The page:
Frédéric Le Moigne – Managing Director Middle East, Africa & India, Laboratoires Expanscience

With the corporate objective of having 75 percent of the company’s revenue coming from international markets by 2020, Laboratoires Expanscience is betting on the Middle East and Africa region. Frédéric Le Moigne, managing director for the MEA region, explains the main challenges presented by the political instability affecting the region, his journey establishing the Dubai office from zero and how Expanscience plans to conquer the region’s dermo-cosmetics market.

 

The main challenge in the region is its instability. In addition to the pain and difficulties for the people living in these countries, it brings volatility for business, as most of the time the issues cannot be predicted and have huge consequences

Since you started the Dubai office to oversee the region, could you walk us through that process and your main achievements so far?

As a marketing office, we deal with distributors. I joined Expanscience in June 2011, eight years ago, and it was only for Mustela in the Middle East. At that time, the Group decided to focus more on the export markets, where we detected growth opportunities. The company established the goal of having 75 percent of the total revenue coming from the international markets by 2020; that meant investing resources on the export markets. I was appointed to oversee our operations in the Middle East and came to Dubai to set up an office. As the turnover from this region continued to grow, so did our personnel. Two years ago, I was tasked with overseeing Piasclédine 300, our osteoarthritis products, and the Africa region.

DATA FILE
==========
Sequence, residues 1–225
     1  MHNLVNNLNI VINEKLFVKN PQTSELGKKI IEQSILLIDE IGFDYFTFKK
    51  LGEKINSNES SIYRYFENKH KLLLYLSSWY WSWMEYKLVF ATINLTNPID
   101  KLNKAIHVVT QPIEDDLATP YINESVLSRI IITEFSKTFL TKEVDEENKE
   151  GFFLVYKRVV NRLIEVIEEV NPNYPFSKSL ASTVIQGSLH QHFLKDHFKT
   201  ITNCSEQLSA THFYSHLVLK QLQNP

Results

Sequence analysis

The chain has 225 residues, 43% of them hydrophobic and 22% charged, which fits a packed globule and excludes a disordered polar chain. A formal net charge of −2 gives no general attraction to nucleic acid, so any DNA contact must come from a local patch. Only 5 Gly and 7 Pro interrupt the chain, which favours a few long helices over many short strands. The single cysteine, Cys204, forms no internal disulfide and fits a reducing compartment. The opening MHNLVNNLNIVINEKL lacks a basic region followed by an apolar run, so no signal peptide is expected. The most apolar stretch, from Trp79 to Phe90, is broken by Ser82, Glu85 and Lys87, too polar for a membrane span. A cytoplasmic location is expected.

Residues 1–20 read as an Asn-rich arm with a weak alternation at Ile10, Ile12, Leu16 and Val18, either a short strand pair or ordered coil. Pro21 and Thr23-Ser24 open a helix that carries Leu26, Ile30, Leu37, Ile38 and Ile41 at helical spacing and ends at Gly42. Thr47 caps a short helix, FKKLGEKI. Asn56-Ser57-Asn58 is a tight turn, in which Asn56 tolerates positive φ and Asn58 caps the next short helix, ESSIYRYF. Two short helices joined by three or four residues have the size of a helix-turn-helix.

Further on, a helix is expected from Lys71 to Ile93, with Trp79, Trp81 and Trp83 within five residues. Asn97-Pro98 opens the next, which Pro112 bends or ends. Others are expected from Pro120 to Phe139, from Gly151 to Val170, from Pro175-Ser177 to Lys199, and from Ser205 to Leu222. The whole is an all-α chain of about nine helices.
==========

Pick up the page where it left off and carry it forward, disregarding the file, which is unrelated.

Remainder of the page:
In terms of portfolio, our Mustela brand is the market leader for baby skin health in many countries, but not all yet and we are working on developing our presence in various territories. The situation is almost the same for Piasclédine 300, having a high market share in most of the countries we cover but still with several markets to enter.

 

What have been your main priorities since becoming managing director of the region?